It's a good time to be on the hunt for cheap flights. In fact, it's a better time to find flight deals than we've seen in years.
The latest federal inflation report released Thursday shows that average airfare fell another 8% from June into July 2023, the fourth consecutive month with a substantial drop. Better yet, average flight prices were down nearly 19% compared to a year ago – dipping below pre-pandemic levels.
The trend is undeniable: After spiking last summer amid record inflation nationwide, airfare has been steadily dropping in 2023. But it's no surprise to us. Our team searches all day, every day for the cheapest domestic and international flights to send to our Thrifty Traveler Premium. We've been seeing these patterns (and amazingly cheap flight deals) that back up these big-picture inflation numbers
Keep in mind: Airfare is not a monolith. Just because flight prices dropped 8% last month doesn't mean all flights are 8% cheaper. There are tens of millions of individual fares out there. Some go up, some go down … and some go way, way down.
As the calendars turned from spring to summer, we repeatedly saw airlines slash prices on many routes for travel in the next few months, giving rise to the return of cheap, last-minute airfare deals. The sharp decrease is leaving the door open for travelers waiting for a late summer trip as well as those who already booked their summer getaways to rebook at the lower fare and save.
That's especially true domestically, where we've even seen the return of sub-$100 flights. That was unthinkable last summer when domestic flight prices were regularly in the $400s and $500s roundtrip. But lately, we've seen jaw-dropping, $96 fares to destinations like New Orleans (MSY), Asheville (AVL), Myrtle Beach (MYR), and several more fantastic cities for a trip late this summer or into the fall.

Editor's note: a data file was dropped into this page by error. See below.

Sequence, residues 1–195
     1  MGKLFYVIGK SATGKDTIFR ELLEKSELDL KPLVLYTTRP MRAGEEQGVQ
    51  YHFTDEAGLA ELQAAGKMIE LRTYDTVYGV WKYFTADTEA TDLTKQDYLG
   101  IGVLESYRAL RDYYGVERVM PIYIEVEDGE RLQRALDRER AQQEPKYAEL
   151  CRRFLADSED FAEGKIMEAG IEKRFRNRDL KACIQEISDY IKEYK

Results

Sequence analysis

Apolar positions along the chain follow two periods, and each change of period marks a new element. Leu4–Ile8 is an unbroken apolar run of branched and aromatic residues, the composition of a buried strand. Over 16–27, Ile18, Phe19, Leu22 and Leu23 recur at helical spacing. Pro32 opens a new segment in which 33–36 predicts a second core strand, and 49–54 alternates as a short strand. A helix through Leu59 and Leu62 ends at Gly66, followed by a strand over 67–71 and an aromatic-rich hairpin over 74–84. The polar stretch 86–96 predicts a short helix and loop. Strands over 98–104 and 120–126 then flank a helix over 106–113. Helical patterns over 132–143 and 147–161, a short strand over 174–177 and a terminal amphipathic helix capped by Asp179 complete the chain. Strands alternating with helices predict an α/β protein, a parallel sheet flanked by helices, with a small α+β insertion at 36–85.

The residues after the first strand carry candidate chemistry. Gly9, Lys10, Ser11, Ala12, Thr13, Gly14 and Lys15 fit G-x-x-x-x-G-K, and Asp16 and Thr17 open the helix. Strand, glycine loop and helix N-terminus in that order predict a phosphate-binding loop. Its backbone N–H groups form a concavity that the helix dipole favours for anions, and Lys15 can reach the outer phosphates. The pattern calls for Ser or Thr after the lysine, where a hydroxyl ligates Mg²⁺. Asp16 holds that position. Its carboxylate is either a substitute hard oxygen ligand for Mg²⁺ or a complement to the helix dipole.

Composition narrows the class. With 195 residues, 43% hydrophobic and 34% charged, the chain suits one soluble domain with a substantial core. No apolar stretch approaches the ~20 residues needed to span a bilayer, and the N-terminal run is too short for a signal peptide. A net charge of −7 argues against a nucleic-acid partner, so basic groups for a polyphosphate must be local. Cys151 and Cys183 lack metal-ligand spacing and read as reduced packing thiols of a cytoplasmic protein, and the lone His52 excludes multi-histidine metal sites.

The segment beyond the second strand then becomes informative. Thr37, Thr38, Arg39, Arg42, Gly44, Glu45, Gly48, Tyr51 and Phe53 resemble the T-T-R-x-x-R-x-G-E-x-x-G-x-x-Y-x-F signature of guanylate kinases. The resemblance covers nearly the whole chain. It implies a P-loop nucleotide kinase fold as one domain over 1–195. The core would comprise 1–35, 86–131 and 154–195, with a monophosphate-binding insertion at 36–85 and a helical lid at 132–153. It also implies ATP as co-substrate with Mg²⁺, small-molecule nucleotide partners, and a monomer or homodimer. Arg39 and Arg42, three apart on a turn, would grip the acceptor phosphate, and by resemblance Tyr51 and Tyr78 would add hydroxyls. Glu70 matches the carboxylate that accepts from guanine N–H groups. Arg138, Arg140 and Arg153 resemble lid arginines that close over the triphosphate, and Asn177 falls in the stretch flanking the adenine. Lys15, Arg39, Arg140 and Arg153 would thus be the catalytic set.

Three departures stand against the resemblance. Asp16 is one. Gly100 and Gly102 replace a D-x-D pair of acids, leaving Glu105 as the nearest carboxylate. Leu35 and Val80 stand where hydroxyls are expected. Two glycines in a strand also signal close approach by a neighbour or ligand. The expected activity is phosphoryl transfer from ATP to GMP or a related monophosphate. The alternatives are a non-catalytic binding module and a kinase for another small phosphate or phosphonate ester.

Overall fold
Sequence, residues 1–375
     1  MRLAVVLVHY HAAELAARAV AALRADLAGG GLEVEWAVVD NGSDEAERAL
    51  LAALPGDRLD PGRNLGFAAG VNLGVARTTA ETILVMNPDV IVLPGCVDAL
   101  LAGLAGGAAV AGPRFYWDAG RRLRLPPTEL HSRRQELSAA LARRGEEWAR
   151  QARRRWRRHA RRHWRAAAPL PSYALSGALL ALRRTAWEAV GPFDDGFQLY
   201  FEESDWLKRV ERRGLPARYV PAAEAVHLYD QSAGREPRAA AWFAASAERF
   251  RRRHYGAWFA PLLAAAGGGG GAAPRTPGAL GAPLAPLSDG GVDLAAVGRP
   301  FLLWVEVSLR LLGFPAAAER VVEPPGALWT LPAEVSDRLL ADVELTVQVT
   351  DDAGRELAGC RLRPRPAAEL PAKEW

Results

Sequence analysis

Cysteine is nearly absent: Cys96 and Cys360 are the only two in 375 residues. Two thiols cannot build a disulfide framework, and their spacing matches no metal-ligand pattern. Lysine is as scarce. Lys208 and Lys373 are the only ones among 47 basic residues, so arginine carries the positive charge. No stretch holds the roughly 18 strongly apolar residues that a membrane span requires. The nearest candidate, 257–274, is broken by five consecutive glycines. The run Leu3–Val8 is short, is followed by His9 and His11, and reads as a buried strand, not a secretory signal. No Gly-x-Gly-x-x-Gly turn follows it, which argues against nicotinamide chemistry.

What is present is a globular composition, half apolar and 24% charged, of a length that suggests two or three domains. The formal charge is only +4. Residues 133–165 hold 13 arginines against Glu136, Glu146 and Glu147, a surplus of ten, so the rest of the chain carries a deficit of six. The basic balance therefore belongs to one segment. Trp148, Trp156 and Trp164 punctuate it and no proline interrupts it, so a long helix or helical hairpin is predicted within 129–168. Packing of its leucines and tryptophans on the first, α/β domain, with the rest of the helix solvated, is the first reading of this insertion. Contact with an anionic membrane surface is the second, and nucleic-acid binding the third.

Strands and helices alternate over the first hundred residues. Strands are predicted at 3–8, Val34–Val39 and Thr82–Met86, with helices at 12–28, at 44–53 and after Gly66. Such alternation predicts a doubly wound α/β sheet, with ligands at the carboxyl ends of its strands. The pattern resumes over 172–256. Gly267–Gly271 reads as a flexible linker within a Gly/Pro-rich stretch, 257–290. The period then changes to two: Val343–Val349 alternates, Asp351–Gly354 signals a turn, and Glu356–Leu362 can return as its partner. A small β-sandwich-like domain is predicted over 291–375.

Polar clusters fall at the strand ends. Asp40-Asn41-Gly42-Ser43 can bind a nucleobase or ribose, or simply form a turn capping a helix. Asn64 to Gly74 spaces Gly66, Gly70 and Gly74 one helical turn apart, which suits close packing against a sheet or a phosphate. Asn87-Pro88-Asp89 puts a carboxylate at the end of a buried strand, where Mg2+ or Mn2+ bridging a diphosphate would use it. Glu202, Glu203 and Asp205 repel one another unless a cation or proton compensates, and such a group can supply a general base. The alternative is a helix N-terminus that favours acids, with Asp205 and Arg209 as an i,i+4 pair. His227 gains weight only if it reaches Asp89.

Why are domestic flight prices dropping? For starters, they're coming down from last year's historic high prices. But as travelers nationwide are flocking abroad for the first summer of restriction-free international travel in years, it has forced airlines to slash prices domestically in order to fill empty seats.
Several airlines have admitted they might have misjudged domestic travel demand this year, expecting a repeat of last year. Flight pricing is all about supply and demand: When the supply is higher than the demand, fares fall.
“We believed this summer we would see some of the extra COVID pent-up demand play out for those customers who were limited in being able to fly last year because fares were higher and capacity was more limited,” JetBlue President Joanna Geraghty told investors last week. “Obviously, that hasn't played out quite as we expected.”
“The fares this summer have come in lower than I think everyone in the industry had expected,” JetBlue CEO Robin Hayes added.
But the trend extends beyond U.S. borders. It also holds true for some amazing Canadian destinations like Calgary (YYC) and nearby Banff National Park for $300 or less – flights that once cost $800 or more last year. Fares like this one to Montreal (YUL) from all the way down in Florida were unthinkable last year.
The same holds true south of the border down in Mexico and the Caribbean. Much like the states and Canada, several airline executives said flyers aren't flocking to destinations like Cancún (CUN) as much as they did a year ago. The result? Nonstop flights to the beach this fall for nearly half the normal price.
Flights to South America have undoubtedly been helping drive average flight prices down, too. While four-digit airfare to places like Brazil, Argentina, and Chile was getting to be too familiar over the last year, that's changed in a big way.
This flight deal to Santiago (SCL) features fares under $700 from dozens and dozens of North American airports on one-stop routes to the Patagonia gateway. You couldn't find a fare like this in 2022, that's for sure.
We've said it before and we'll say it again (and again and again): Cheap flights haven't gone anywhere. They're getting easier to find.
After watching prices seemingly skyrocket last year, things are clearly moving in the right direction. While an 8% drop in average flight prices last month is impressive on its own, it's just the latest consecutive decrease, bringing flight prices down by nearly 19% compared to a year ago.
And there's a serious upshot for any traveler looking for bargains behind those numbers: Cheap fares within the U.S., to Canada, Mexico, and beyond.